The soundless hall appeared empty of other guests. Our view was the roof of another part of the hotel and the bathroom had a toilet and sink but the shower was down the hall. We opted for a morning shower accompanied by sunlight. Most indelible was the bed. Any two people who slept on the old double-sized bed had better like their partner. The mattress sunk deeply in the center and gravity rolled the two humans together.

When we left the diner after breakfast, we were surprised to see dozens of people gathered along Main Street. Our parked truck in its corner position was not allowed to move because the street was cordoned off for a parade.

“Did I forget some holiday?” asked Carl.

“I can’t think of any in mid-July,” I responded. “Clearly, we are about to celebrate something with the good folks of Greenville because we can’t leave town.”

“We’ll have a front-row seat from the back of our truck. See the three ladies on the curb? Let’s invite them to join us in the truck bed,” I suggested.

“Great idea,” answered Carl. “Then they can tell us what we are watching.”


Gold Digger Day was an annual celebration in honor Greenville's heritage and the discovery of gold in 1851.

Our truck bed guests enthusiastically informed us today was Gold Digger Day. To honor the town’s heritage and the discovery of gold in 1851, Greenville always celebrated on the third Saturday of July. The parade was the start of a full day of activities that included horseshoe and softball tournaments, a hot rod show, face painting, and a chili cookoff and ice cream social. How fortuitous to be in Greenville on Gold Digger Day!

Like most parades, the local dignitaries rode by in old, open cars. After several mounted patrols and local musicians, we viewed a long string of antique and current fire and forest department trucks from various county towns. A loud megaphone voice announced each pre-teen participant of each pedal cart race. There were at least a dozen races.

With the happy crowd, we cheered the boys in each race. One truck bed guest confided to me that the parade was always the same each year. She suggested we come back and celebrate with them again next year. Our response to return was sincere but somehow, we never did. Now we cannot.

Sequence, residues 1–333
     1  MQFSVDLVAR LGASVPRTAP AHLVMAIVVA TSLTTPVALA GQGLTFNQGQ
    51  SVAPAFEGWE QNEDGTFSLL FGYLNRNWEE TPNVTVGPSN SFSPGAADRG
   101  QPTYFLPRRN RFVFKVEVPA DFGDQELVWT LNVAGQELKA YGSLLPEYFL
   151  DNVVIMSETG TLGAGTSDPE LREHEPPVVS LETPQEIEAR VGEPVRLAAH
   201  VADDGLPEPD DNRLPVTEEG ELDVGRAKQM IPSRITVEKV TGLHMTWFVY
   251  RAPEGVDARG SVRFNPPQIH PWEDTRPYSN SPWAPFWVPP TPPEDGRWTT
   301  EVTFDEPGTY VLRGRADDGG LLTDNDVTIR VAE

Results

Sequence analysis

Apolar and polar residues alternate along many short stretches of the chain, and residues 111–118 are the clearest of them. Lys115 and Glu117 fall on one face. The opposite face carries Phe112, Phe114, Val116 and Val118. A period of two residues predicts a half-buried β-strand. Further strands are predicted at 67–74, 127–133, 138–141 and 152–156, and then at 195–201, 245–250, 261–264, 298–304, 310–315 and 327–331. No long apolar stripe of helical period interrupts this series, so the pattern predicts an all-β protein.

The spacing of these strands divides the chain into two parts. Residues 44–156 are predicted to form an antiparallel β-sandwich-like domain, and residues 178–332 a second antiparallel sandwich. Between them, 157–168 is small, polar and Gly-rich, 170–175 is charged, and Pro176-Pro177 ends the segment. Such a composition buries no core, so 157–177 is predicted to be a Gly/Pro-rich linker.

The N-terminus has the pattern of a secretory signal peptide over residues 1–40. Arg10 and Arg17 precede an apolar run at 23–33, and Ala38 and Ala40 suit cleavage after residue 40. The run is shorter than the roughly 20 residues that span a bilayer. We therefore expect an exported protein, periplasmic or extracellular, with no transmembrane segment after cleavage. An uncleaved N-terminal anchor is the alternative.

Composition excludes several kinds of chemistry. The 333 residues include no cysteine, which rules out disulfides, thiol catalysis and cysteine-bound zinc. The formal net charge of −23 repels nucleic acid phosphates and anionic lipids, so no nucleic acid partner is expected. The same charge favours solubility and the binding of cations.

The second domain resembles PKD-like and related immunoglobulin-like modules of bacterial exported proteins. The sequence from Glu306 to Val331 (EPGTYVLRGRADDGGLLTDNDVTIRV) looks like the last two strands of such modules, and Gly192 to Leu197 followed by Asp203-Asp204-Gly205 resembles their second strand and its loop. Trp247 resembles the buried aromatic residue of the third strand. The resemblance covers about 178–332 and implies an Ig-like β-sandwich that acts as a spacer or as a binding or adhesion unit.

A wind-driven wildfire tore through a Northern California mountain town, leaving much of the downtown in ashes as crews braced for another explosive run of flames in the midst of dangerous weather.The Dixie Fire, swollen by bone-dry vegetation and 40-mph gusts, raged through the northern Sierra Nevada town of Greenville Wednesday evening. Fire officials confirmed that some buildings were destroyed, offering no details.However, a photographer on assignment for The Associated Press described seeing a gas station, hotel and bar burned to the ground.The town, which dates to Californias Gold Rush era, has some buildings more than a century old.As the fires north and eastern sides exploded, the Plumas County Sheriffs Office issued a Facebook posting warning the towns approximately 800 residents: You are in imminent danger and you MUST leave now!The three-week-old blaze was the states largest wildfire and had blackened well over 435 square miles (1,126 square kilometers), burning dozens of homes before making its new run.Early in the week, some 5,000 firefighters had made progress on the blaze, saving some threatened homes, bulldozing pockets of unburned vegetation and managing to surround a third of the perimeter.We did everything we could, fire spokesman Mitch Matlow said. Sometimes its just not enough.More fire engines and bulldozers were being ordered to bolster the fight, he said. On Wednesday, the fire grew by thousands of acres and an additional 4,000 people were ordered to evacuate, bringing nearly 26,500 people in several counties under evacuation orders, he said.Red flag weather conditions of high heat, low humidity and gusty afternoon and evening winds erupted Wednesday and were expected to be a continued threat through Thursday evening.Additional reporting by The Associated Press.